DNC's new rules: cutting superdelegates from 715 to 315, making their votes reflect the wishes of their states

Yesterday, the DNC's Unity Reform Commission unanimously adopted a resolution that slashed the number of superdelegates — appointed officials who, in aggregate, hold the balance that determines the winner of the Democratic primaries — from 715 to 315, and requiring the remaining superdelegates to cast votes that reflect the wishes of their states.

The Commission was formed in the wake of the contentious 2016 nominations. Its members were jointly selected by Bernie Sanders and Hillary Clinton.

It's never been about perfection, the commission's Vice Chair Larry Cohen said of the recommendations, but "large steps if not giant steps" in putting voters first. Cohen was one of the few prominent labor leaders to buck Clinton and endorse Sanders.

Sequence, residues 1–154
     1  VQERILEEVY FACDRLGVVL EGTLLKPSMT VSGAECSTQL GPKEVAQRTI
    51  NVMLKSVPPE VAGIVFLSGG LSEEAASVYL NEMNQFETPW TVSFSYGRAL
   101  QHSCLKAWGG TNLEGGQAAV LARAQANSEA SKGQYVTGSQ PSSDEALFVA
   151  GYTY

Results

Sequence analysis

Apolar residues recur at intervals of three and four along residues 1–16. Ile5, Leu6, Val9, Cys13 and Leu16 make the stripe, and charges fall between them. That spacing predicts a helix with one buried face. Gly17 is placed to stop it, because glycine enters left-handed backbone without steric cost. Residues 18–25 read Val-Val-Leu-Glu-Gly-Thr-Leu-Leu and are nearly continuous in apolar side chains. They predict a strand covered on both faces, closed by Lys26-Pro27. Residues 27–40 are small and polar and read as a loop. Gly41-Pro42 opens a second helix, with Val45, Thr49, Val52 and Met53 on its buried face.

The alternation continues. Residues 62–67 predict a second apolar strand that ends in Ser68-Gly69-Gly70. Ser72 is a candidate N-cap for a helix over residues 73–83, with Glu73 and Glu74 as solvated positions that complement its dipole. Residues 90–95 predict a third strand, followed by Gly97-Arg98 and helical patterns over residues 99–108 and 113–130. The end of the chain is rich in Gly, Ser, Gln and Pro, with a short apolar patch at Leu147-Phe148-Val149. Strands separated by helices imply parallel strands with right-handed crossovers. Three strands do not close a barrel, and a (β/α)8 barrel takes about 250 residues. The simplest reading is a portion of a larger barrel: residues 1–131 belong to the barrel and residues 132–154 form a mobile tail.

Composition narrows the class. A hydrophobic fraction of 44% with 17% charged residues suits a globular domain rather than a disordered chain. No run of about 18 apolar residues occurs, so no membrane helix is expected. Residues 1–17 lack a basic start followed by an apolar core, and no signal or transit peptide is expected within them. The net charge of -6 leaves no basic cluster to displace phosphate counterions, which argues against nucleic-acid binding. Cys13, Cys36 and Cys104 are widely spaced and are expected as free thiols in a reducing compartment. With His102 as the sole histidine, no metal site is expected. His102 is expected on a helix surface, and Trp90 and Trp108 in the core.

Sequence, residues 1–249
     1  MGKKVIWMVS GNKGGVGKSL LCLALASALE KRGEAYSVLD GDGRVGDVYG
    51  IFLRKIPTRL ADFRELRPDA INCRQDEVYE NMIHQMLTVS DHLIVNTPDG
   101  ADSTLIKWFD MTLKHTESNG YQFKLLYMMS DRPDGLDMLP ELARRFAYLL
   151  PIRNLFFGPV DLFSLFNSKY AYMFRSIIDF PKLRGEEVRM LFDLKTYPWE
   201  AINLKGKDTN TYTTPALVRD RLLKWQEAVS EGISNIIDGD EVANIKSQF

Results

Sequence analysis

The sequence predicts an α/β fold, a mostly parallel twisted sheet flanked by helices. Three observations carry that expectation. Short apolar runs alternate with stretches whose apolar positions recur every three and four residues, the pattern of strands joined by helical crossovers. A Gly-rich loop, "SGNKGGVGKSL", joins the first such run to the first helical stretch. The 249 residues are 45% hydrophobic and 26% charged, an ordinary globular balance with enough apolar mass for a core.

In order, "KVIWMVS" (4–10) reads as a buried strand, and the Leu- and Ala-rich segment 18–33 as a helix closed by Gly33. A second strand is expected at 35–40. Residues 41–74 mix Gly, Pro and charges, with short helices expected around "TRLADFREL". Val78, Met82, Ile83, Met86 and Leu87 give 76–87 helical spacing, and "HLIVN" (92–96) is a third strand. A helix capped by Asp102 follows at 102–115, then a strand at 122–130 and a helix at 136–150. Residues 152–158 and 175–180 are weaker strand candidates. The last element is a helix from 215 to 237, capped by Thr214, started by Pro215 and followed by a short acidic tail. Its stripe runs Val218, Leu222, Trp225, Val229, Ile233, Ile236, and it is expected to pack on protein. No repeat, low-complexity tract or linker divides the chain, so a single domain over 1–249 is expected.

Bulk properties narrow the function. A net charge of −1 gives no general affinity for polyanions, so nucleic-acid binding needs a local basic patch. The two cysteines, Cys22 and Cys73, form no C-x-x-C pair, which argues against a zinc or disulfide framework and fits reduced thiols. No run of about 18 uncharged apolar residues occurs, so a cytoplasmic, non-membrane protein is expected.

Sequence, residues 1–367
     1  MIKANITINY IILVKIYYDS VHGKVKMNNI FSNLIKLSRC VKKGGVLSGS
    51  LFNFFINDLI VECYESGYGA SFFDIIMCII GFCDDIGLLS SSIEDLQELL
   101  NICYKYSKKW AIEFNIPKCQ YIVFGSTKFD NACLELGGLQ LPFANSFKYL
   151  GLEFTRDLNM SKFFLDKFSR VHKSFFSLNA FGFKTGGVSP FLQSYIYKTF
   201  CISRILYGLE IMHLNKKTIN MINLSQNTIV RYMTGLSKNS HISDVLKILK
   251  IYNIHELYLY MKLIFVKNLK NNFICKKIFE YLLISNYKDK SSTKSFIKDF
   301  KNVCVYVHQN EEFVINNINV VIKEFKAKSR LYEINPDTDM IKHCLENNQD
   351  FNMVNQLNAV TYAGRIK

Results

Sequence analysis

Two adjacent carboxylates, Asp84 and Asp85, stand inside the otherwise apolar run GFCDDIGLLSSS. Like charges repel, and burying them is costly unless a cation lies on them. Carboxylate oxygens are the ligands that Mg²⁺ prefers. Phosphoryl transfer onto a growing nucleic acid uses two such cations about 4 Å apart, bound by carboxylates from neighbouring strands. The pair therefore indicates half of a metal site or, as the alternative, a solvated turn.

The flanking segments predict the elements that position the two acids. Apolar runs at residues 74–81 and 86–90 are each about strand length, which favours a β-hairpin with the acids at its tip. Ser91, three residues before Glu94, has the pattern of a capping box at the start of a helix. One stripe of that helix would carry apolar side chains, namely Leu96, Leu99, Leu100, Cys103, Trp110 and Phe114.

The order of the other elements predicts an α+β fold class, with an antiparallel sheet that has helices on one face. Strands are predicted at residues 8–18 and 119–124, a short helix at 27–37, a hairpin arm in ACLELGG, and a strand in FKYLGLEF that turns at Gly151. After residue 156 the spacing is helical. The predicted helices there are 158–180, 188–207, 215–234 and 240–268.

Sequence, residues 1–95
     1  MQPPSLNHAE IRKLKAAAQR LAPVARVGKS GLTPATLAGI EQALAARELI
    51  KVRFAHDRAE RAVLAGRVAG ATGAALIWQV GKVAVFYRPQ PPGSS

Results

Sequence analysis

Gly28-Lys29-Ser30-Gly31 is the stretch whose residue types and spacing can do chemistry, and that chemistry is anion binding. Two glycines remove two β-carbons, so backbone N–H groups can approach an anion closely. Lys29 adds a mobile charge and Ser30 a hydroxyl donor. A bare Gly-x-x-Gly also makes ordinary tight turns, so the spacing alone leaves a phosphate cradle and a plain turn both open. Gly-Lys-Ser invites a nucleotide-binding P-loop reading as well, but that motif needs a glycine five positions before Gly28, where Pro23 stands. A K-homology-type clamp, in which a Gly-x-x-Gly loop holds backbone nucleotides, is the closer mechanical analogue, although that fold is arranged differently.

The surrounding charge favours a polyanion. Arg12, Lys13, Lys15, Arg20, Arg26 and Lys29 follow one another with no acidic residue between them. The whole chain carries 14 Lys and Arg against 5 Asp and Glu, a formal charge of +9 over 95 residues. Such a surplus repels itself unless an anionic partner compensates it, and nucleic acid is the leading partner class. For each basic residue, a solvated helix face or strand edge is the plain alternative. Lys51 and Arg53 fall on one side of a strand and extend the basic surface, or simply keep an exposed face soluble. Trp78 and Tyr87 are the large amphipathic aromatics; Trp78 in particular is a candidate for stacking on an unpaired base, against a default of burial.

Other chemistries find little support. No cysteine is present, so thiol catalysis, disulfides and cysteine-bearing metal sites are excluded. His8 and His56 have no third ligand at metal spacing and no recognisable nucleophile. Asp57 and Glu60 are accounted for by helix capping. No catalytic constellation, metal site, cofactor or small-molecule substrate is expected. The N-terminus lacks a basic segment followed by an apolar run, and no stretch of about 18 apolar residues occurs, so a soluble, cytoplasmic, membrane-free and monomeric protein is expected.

"Voters first, in terms of eliminating 400 super delegates out of 715 on the first ballot for the presidential nomination of the United States," Cohen said at the meeting.

"Voters first, in saying loud and clear, that in primaries this party stands behind same day registration, automatic registration, same day party registration. That this party stands behind a process in every state, in terms of the election of the leadership of the Democratic party, that is transparent and open and clear and as simple as possible so that activists can get involved and run and not feel like have no chance."

DNC Unity Reform Commission Takes a Whack at Superdelegates [Aída Chávez/The Intercept]

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